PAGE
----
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Report Highlights Climate Change Impact on UK’s Wintering Birds
17/08/07

A new report examining bird population trends has highlighted a doubling of the overall numbers of 39 species of waterbirds, ducks, geese, swans and wading birds spending the winter in the UK in the last three decades. However, the State of the UK’s Birds 2006 also shows that the wintering populations of some species are declining, principally, it is suggested, because of climate change.

Song Thrush numbers are recovering
© www.rspb.org.uk

song thrush

Every winter the UK receives two million ducks, geese, swans and wading birds, from northern Europe, Greenland, Siberia and Arctic Canada. These birds are attracted to spend the winter in Britain and Ireland because of the relatively mild climate and ice-free conditions.

According to the State of the UK’s Birds 2006 report, the populations of some species, notably wading birds including the black-tailed godwit and the avocet, have increased markedly since the late 1970s, largely as a result of conservation action. However, concerns are growing over the decline in the populations of seven other regular visitors, including the Greenland white-fronted goose, European white-fronted goose, shelduck, mallard, pochard, ringed plover, dunlin and turnstone.

The precise reasons for the decline of each species vary, but a common theme appears to be climate change. As winters become milder both in the UK and elsewhere, it appears that some birds are not forced to fly as far as the UK to find suitable conditions: this trend has been particularly noted in Northern Ireland with declines of pochard and Bewick’s swan.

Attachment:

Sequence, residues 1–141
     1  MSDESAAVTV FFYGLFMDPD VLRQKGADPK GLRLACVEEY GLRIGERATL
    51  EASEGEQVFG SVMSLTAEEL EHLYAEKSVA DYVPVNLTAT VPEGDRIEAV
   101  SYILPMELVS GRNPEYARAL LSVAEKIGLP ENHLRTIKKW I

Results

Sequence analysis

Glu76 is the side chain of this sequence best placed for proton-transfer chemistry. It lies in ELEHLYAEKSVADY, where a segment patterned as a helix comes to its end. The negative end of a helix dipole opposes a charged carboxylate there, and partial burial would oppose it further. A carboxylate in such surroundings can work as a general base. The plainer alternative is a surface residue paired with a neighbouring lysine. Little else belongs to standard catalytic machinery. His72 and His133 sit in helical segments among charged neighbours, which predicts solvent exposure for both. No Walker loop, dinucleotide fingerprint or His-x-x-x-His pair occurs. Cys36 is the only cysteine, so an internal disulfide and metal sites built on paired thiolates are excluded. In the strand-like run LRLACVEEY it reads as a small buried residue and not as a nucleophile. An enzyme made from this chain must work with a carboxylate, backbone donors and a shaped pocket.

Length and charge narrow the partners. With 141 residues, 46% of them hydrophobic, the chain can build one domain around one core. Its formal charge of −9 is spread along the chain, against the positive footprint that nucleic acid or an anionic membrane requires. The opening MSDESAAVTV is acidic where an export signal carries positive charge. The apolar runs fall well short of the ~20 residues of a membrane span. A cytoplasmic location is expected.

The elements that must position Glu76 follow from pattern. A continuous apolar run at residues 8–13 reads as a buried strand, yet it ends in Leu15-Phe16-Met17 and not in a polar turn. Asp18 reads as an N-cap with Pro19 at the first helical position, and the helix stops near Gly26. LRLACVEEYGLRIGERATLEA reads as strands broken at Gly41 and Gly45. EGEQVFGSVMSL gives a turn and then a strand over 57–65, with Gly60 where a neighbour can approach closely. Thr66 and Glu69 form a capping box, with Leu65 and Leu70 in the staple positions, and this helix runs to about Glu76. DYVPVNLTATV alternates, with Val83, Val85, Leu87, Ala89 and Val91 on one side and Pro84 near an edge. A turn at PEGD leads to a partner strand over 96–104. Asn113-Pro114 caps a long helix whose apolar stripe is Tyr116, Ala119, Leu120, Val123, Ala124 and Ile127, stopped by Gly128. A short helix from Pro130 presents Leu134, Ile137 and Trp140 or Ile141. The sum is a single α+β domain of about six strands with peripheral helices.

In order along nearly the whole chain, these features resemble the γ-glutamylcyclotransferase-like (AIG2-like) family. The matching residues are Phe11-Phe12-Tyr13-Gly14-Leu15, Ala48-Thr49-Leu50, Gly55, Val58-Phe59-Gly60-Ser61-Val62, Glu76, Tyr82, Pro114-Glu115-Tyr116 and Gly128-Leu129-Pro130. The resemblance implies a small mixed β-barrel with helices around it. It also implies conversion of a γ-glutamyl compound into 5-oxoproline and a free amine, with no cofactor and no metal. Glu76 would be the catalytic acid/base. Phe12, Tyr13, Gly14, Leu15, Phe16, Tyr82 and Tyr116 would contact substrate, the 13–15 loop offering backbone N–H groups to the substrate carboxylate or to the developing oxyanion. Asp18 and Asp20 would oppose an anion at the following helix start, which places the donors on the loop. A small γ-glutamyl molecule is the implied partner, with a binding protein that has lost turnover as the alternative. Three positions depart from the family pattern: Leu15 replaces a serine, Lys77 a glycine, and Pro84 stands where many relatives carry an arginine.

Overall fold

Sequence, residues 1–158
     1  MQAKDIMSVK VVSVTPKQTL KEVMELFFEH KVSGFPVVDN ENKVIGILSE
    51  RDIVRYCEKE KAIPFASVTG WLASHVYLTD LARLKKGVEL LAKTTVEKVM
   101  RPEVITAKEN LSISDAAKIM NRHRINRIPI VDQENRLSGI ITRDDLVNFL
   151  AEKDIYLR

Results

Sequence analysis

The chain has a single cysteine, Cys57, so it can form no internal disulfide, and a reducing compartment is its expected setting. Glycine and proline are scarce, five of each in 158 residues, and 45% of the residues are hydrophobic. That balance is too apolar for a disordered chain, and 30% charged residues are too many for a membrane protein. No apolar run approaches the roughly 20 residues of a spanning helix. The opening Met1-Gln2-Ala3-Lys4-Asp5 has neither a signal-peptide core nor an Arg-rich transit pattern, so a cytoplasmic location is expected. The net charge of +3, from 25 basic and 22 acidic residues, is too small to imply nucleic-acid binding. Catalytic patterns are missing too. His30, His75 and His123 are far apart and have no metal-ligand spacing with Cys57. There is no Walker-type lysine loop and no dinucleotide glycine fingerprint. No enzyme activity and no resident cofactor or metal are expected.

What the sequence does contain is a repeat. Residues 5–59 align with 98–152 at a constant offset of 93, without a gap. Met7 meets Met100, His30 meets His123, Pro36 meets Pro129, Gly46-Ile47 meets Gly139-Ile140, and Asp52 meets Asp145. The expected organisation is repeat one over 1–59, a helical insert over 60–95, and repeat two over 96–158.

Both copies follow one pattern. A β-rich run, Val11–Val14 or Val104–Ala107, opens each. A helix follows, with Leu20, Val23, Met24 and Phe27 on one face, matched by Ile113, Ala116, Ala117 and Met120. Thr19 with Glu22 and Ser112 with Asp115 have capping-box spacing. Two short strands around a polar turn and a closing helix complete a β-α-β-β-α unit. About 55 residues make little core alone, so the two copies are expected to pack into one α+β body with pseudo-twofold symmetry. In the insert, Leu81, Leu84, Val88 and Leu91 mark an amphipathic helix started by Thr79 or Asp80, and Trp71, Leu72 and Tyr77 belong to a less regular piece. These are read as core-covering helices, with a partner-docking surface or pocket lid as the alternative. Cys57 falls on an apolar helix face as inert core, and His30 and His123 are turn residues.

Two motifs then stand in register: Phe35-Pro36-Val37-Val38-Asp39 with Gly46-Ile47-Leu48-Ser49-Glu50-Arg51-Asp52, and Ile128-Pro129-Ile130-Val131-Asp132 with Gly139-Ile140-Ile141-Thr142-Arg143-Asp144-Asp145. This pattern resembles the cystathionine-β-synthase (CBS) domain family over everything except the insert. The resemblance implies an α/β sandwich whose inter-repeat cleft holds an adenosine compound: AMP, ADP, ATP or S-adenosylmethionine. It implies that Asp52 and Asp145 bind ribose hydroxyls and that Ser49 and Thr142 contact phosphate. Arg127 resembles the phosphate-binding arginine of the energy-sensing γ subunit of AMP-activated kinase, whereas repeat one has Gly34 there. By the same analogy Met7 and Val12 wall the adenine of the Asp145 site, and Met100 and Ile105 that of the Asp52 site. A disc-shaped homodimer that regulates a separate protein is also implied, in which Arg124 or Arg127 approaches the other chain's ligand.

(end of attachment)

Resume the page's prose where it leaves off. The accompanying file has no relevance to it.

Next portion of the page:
Dr Baz Hughes, head of species conservation at the Wildfowl & Wetlands Trust, said: “Every winter, the UK’s estuaries, marshes and wetlands throng with the arrival of ducks, geese, swans and wading birds, making the UK one of the most important countries in the world for some of these birds.

“However, we are becoming increasingly concerned about the declining numbers of some populations. While some are simply taking advantage of milder winters by staying on the continent, others like the Greenland white-fronted goose, are in real and rapid decline. Conservation action is needed urgently to reverse these declines.”

Dr Mark Avery, the RSPB’s conservation director, said: “The UK has had both the perfect climate and perfect habitats for these birds, but the evidence is growing that climate change impacts are starting to bite. Sea level rise and warmer winters are reducing their numbers, undermining our importance for birds.”

The BTO’s Dr Mark Rehfisch, one of the report’s authors, said: “For over 30 years, teams of volunteers have braved the worst conditions a British winter can muster to count the numbers of birds visiting each of the UK’s most important sites for wetland birds. This huge effort has not only contributed to one of the best sources of bird information in the world, it is also vital in helping us to understand climate change impacts on the natural world.”

Natural England's Chief Scientist Tom Tew said: “Sympathetic and effective management of the UK's world-renowned network of internationally important waterbird sites and the surrounding countryside is vital if we are to minimise the adverse impacts of climate change on our overwintering birds.

“Agri-environment schemes have a crucial role to play by encouraging land management practices that benefit birds and other wildlife.”

link Climate Change Likely to Increase Risk of Hunger
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link Environment Agency Should Rethink Priorities Over Flooding
link Farmers' Food for Thought at Energy Event

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